Traveling by air today is not as easy as it used to be. It’s also a lot scarier since 9/11. Extra precautions are taken by the Transportation Security Administration (TSA) as a result such as body scans and inspecting our carry-on items a little more closely.
However, no matter how cautious security screeners are, unexpected items can cause havoc on a flight.
One of those items that recently caused panic was an electronic device. We all carry them and they are definitely not a banned item. But sometimes even technology doesn’t always behave itself.
Battery explodes inside a carry-on bag
On November 10 at Florida’s Orlando International Airport, a loud explosion delayed flights and sent travelers running for cover. What sounded like a gunshot was actually a lithium-ion battery exploding inside a passenger’s bag.
The passenger hadn’t made it on the plane yet but was in the main terminal according to a statement from the Greater Orlando Aviation Authority. Inside the passenger’s carry-on was a camera that caught fire and began to smoke inside the bag.
As soon as the traveler realized what was happening, he/she dropped the bag and tried to move other passengers away from it. Emergency workers arrived and moved the bag even farther away.
While there wasn’t a big need for panic, many witnesses did and evacuated the area, dropping their carry-on luggage and knocking over the retractable barriers.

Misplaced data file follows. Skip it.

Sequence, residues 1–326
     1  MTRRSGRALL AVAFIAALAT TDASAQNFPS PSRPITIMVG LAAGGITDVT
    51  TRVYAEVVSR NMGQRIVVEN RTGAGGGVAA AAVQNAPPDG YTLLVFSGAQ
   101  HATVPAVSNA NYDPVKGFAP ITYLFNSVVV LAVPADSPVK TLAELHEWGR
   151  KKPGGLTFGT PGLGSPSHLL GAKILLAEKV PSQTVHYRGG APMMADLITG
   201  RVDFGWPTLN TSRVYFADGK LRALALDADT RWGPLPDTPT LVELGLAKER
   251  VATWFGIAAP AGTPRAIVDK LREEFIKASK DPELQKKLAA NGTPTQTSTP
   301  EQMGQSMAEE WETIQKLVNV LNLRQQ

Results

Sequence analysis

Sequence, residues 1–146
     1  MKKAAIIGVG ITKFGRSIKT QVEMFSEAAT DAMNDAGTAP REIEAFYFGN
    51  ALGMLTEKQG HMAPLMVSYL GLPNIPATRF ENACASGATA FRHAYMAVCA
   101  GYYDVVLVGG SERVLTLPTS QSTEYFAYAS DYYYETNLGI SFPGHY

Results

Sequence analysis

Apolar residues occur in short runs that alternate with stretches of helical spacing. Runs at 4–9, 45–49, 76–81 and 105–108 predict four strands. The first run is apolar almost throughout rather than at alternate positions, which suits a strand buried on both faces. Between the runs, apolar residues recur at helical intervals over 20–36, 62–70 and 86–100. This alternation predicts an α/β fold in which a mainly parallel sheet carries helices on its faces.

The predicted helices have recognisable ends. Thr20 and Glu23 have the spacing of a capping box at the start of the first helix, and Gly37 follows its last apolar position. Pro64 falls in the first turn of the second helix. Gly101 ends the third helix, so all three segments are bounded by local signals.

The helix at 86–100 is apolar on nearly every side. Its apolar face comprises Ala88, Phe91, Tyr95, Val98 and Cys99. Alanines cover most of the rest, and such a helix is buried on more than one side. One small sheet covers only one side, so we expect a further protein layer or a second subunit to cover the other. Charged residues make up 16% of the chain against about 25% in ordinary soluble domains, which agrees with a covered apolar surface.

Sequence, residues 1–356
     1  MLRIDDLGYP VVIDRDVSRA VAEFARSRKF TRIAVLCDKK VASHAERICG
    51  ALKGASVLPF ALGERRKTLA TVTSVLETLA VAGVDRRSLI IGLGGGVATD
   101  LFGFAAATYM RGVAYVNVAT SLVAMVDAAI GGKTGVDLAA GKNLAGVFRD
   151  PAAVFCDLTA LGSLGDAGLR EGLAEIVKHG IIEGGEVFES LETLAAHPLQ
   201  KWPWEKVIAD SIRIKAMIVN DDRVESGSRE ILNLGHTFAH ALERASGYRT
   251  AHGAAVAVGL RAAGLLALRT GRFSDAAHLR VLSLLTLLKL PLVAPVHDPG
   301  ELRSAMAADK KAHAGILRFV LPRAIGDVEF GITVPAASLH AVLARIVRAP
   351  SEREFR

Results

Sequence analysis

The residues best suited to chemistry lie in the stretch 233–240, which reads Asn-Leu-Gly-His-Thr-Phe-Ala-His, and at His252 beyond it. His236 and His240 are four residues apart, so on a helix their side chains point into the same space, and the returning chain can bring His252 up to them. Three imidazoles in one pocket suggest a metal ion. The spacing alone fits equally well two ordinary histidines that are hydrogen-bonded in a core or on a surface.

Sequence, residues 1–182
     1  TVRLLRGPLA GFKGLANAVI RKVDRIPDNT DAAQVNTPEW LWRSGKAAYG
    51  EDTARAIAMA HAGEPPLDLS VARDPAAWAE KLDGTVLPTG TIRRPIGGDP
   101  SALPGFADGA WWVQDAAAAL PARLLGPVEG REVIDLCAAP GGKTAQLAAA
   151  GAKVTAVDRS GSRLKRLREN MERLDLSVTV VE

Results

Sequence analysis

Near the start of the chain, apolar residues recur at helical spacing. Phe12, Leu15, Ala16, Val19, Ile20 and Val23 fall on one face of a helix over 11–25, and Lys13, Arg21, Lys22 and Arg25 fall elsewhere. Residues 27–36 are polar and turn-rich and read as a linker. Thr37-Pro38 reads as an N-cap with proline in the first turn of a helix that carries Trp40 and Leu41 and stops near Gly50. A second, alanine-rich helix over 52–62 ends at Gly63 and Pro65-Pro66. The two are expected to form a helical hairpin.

This, of course, caused more chaos with even more passengers thinking it was gunshots they were hearing and in turn running outside the terminal.
As a result, the TSA decided to re-screen everyone at the airport including those who already boarded flights. In all, the process caused a 2.5-hour delay throughout most of the airport. However, the gate where the explosion occurred remained closed for four hours. Along with delayed flights, local news outlets reported that 24 flights were canceled.
Luckily, no one was hurt.
New security measures could be coming
The TSA had just finished revising security measures regarding electronics. That includes requiring all travelers to remove all electronics from their bags and send them through a separate screening process.
In fact, last month the Federal Aviation Administration (FAA) released a report recommending that all electronic devices larger than a smartphone be banned from checked bags.
The FAA has already banned uninstalled lithium-ion batteries in checked luggage. The concern is if a battery comes in contact with keys, coins or even another battery, it could generate extreme heat.
The report also mentioned that batteries packed near items like hairspray could cause a fire. An FAA test also revealed that packing a laptop next to nail polish, dry shampoo, rubbing alcohol and hand sanitizer all started fires.
If this latest proposal is approved, all electronics will soon be required to be put in carry-on luggage.
Woman's headphones explode on her face while mid-flight
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